Commentary by Ileana Miranda, resident of San Jerardo in Monterey County and general manager of the San Jerardo Cooperative
From the gas pump to the grocery store, the cost of living in California–which was already a stretch for so many families–has gone through the roof lately. As if that weren’t enough, the LA Times reported this week that rents in California could soar 10% because of inflation. This is more difficult for those of us who have to pay $115 a month for our water bill. It is a burden for those of us who see how our neighbors suffer, because they can’t afford to pay for a vital liquid and sometimes they have been cut off for non-payment. This is inhumane, California passed the Human Right 10 years ago and this is still happening.
Rates have risen so steeply that some families like mine are paying monthly more than $100 just to meet drinking, cooking, cleaning and other household needs. The million Californians living with toxic taps have to buy bottled water in addition to paying their monthly bills.
Next week, lawmakers have a chance to provide a lifeline for low-income Californians by creating a water bill assistance program similar to what the state offers for energy, cell phones and internet.
This legislation, Senate Bill 222, will build on the financial help the state already provided with this year’s “inflation relief” tax refund. It will also build on two emergency programs created to help Californians pay down water bills that piled up during the pandemic.
California’s water affordability problem started way before COVID-19 and the current financial crisis, but it’s gotten worse over time, putting thousands of families at risk of shutoffs just as temperatures and infection rates are rising. We know hydration and handwashing save lives, but we still allow utilities to cut off water service to families simply for falling behind on their bills.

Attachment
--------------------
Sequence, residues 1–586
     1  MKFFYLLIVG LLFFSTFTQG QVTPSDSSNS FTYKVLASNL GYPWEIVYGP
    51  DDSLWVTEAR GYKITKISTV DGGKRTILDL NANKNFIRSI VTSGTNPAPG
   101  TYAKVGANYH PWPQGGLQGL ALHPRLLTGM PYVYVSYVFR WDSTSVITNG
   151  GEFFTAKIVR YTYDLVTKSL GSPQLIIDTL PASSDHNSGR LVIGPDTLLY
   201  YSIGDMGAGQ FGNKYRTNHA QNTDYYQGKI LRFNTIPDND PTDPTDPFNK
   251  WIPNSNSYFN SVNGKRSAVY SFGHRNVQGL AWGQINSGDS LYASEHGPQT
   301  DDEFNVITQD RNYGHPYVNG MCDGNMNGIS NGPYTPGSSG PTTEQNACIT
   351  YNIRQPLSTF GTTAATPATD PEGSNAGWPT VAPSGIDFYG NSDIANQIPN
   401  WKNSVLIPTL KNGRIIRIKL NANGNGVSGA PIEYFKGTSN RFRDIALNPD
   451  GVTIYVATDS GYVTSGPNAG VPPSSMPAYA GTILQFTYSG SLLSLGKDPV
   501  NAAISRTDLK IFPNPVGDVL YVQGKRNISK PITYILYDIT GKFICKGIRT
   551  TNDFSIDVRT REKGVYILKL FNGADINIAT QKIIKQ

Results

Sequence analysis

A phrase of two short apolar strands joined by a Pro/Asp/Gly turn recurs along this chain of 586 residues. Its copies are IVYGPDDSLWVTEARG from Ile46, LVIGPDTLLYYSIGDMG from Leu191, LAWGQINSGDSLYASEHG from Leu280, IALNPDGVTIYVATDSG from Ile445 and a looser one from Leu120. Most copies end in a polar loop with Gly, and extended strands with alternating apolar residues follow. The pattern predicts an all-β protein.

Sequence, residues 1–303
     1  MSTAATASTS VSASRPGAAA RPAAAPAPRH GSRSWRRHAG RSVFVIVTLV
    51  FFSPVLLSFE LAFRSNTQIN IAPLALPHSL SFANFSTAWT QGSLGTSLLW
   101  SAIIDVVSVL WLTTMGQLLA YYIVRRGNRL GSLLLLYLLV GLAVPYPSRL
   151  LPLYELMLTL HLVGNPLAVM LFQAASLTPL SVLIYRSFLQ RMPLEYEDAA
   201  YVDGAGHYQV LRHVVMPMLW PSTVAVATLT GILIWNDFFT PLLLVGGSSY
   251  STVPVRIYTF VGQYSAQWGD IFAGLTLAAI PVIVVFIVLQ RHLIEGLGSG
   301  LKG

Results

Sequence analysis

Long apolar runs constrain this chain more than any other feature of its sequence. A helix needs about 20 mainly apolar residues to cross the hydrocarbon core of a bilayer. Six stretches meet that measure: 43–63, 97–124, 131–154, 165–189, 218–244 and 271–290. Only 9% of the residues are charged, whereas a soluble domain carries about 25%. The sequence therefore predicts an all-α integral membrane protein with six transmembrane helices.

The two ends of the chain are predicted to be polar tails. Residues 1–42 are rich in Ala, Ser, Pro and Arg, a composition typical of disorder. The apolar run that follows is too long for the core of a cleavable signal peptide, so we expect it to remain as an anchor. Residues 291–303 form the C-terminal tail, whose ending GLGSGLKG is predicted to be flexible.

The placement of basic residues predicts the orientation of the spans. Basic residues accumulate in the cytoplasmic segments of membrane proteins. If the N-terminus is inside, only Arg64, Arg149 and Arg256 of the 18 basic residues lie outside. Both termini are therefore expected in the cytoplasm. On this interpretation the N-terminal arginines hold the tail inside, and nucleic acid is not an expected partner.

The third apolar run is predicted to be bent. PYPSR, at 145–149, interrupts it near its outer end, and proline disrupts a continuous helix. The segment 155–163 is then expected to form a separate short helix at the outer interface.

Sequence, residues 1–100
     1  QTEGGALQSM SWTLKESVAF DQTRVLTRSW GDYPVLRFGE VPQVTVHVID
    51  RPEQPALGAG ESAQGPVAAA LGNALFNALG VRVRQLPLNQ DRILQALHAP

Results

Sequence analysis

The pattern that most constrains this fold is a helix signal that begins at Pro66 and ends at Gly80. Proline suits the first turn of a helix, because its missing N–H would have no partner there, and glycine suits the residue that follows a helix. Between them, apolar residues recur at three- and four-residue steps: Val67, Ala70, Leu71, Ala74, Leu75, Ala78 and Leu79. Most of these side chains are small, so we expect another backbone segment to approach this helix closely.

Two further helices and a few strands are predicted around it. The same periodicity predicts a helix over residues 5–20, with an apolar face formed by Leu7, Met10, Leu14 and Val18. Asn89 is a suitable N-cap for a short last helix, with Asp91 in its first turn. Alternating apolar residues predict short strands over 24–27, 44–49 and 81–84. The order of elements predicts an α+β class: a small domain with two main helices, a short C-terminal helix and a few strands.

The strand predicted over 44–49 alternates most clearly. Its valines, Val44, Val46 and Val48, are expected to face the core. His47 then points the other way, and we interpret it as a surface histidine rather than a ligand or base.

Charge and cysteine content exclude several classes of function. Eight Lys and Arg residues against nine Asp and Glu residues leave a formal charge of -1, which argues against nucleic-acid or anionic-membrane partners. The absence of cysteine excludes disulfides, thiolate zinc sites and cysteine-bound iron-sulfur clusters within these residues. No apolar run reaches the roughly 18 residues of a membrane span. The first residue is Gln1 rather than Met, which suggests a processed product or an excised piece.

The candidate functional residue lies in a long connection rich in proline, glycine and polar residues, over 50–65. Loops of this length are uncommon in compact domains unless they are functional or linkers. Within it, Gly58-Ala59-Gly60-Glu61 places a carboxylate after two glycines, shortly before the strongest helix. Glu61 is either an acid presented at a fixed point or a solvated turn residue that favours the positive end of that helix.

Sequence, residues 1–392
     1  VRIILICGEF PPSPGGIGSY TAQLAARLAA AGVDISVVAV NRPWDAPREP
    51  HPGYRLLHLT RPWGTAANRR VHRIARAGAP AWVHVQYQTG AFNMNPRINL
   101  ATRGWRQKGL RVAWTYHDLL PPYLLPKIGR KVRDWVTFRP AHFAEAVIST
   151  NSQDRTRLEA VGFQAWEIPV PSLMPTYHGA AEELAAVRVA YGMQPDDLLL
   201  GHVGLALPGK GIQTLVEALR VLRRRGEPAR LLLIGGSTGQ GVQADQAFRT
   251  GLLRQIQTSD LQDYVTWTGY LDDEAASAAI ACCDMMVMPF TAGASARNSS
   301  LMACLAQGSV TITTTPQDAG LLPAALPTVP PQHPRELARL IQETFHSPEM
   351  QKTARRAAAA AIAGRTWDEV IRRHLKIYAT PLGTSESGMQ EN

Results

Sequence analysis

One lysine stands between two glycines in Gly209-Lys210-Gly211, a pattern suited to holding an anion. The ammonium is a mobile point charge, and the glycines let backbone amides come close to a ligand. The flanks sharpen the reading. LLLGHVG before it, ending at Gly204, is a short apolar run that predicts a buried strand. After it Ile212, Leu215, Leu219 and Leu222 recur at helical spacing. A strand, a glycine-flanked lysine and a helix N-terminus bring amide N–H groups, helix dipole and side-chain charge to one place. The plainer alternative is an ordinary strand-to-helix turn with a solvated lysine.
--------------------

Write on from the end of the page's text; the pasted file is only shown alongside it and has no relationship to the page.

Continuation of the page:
The state had paused water shutoffs earlier in the pandemic, but those protections were lifted in early 2022, and water utilities are starting to send out disconnection notices again. Imagine trying to pay down hundreds of dollars in water debt at a time when feeding your family is more expensive than ever.
A study from September 2021 estimated that 28% of California households had some overdue balance on their water bills, owing an average of $374. Many received help from temporary relief programs, but this long-standing problem needs a long-term fix.
After decades of organizing by communities across the state, a solution is within reach. Next week, lawmakers will have a chance to deliver on the human right to affordable water by voting for Senate Bill 222, creating a water bill assistance program that is accessible to every Californian at last. It’s a no-brainer. I urge our representatives to vote yes.
— Ileana Miranda is a resident of San Jerardo in Monterey County. She is general manager of the San Jerardo Cooperative, a housing community built by and for farmworkers that her father-in-law helped to found. San Jerardo has had problems with water contamination from nearby farms as well as unaffordable water rates.